If there was a central unifying theme in American law in 2013 it was equality—or, more accurately, the ceaseless struggle to define the contours of equal justice in an ever-changing world. Riding the "up" escalator last year on the journey toward equality were gay and lesbian couples and the millions of other Americans who stoutly support the premise of same-sex marriage. For them, 2013 was a year of brilliant progress, of recognition and redemption. Riding the "down" escalator were poor citizens, people of color, the elderly, and the ill, who lost precious voting protections in court and in statehouses all over the nation. For them, 2013 was the worst year in at least half a century.
Last year's big legal stories, its constitutional themes, won't recede as quickly as other big legal stories and themes have seemed to fade over the years. Americans will continue to fight over same-sex marriage, voting rights, affirmative action, and many other issues (like the provision of health care) that involve the essence of equality. The Supreme Court will surprise us not once but a few times in the decisions it renders—and as the justices age (four are older than 75 years old), they may surprise us later this year with a retirement, an illness, or even a death. There will be a few high-profile tabloid cases, the dimensions of which we cannot fathom today. And then there will be these:
As we begin the year, it's clear that legal battles over same-sex marriage will continue to be fought from sea to shining sea. This week, for example, the Supreme Court is awaiting word from Utah about an appeal over that state's teetering same-sex marriage ban. Where else is there pending litigation over same-sex marriage? Just in the states of ... West Virginia, Virginia, Texas, Tennessee, South Carolina, Pennsylvania, Oregon, Oklahoma, Ohio, North Carolina, Nevada, Mississippi, Michigan, Louisiana, Kentucky, Idaho, Colorado, and Arkansas. Those lawsuits will be the marriage story in 2014, whether the justices in Washington take the Utah case or not.
We now are geared up to spend 2014 watching the kabuki dance of federal appellate practice unfold over the legality of the NSA's bulk metadata telephony surveillance program. The D.C. Circuit Court of Appeals will evaluate the work of (Bush nominee) U.S. District Judge Richard Leon, who first declared the government spy program "likely unconstitutional." And the 2nd U.S. Circuit Court of Appeals, in New York, will evaluate the work of (Clinton nominee) U.S. District Judge William Pauley who, with similar gusto, later declared the program both constitutional and necessary. Best guess? The two appeals courts will narrow the vast gulf between the two trial court rulings.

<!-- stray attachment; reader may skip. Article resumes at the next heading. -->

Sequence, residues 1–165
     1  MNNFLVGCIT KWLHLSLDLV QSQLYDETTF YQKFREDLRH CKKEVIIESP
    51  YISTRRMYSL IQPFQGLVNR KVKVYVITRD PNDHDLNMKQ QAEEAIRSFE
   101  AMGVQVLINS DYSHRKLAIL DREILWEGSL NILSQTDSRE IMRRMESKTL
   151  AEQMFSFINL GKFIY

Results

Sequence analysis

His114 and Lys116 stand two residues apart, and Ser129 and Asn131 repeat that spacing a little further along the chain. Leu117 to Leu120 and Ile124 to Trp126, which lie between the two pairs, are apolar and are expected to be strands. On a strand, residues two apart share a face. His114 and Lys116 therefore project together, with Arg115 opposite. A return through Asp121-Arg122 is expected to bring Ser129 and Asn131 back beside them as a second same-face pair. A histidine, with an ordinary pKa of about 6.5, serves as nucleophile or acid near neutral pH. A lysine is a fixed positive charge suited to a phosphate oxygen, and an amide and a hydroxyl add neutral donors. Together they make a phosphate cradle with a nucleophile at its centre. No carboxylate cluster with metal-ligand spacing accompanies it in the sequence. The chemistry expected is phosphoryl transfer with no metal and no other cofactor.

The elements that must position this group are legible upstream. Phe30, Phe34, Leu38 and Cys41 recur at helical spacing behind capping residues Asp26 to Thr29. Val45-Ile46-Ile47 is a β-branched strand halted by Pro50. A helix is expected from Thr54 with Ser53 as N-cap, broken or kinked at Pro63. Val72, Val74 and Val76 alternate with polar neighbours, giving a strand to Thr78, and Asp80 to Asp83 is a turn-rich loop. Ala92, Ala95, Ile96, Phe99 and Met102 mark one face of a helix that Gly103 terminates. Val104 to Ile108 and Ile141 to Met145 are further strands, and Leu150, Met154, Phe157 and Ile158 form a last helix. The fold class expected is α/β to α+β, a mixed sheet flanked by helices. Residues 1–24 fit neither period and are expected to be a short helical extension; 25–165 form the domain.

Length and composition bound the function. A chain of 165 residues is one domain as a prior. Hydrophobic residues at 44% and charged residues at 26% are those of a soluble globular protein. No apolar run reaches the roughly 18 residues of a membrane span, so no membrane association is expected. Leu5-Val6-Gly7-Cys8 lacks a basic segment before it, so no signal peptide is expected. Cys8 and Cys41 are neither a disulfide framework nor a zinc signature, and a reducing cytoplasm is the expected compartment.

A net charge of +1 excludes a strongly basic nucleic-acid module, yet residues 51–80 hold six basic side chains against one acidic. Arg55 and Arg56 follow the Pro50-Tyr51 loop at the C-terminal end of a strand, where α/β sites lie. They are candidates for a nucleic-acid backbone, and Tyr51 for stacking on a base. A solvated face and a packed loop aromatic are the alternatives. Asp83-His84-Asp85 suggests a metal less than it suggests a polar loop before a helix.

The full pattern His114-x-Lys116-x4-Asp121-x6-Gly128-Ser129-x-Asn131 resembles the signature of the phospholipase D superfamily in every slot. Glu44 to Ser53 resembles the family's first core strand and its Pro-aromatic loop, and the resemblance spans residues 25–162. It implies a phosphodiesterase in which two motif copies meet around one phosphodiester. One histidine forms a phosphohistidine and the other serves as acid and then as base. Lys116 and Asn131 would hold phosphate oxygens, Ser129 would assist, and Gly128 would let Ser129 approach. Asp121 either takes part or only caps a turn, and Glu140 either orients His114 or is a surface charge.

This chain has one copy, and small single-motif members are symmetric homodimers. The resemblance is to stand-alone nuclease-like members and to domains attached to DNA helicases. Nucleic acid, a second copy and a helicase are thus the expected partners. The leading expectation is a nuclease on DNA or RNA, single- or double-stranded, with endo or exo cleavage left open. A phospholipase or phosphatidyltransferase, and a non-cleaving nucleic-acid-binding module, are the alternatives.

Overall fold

The coming year will bring still more litigation over women's rights. The Supreme Court will hear two abortion-related cases in the next few months—one about a Massachusetts protest law designed to protect people around abortion clinics, and the other about an Oklahoma law designed to limit the use of abortion medicine. The justices also soon will consider accepting for review a more direct challenge to Roe v. Wade in an Arizona case. In Texas, meanwhile, litigation over a new law that requires doctors performing abortions to have visiting privileges at nearby hospitals is now before the 5th U.S. Circuit Court of Appeals. And in Iowa, there is a roiling fight over whether patients can receive abortion pills after consulting with doctors via videoconference.
Any day now, we could get a ruling from the justices in Washington in McCutcheon v. Federal Election Commission, the big campaign finance case that was argued in early October. The best bet you can make all year in the law is that the Court's conservatives will further limit the ability of federal officials to control the flow of money into and out of politics. McCutcheon may or may not end up being as much of a perversion of the first amendment as was the Citizens United decision nearly four years ago. But it will be close. And that will bring a new flood of money into the 2014 mid-term elections, the results of which, in the Senate at least, will impact the pace of President Obama's judicial confirmations.
The Supreme Court's lamentable decision in Shelby County v. Holder last June, the one that struck the "pre-clearance" provision from the Voting Rights Act, launched a new phase in the voting wars. In 2014, we'll begin to get clarity on what this new post-Shelby era looks like as voting advocates (and federal officials) seek to block enforcement of restrictive voting measures in states like Texas, Pennsylvania, North Carolina, Arkansas, and Wisconsin. The September trial for the Texas ID law, in particular, bears watching. It is among the nation's most onerous and it potentially impacts the most voters. Which side wins these battles will help determine who can or cannot vote in the 2014 mid-terms—and beyond.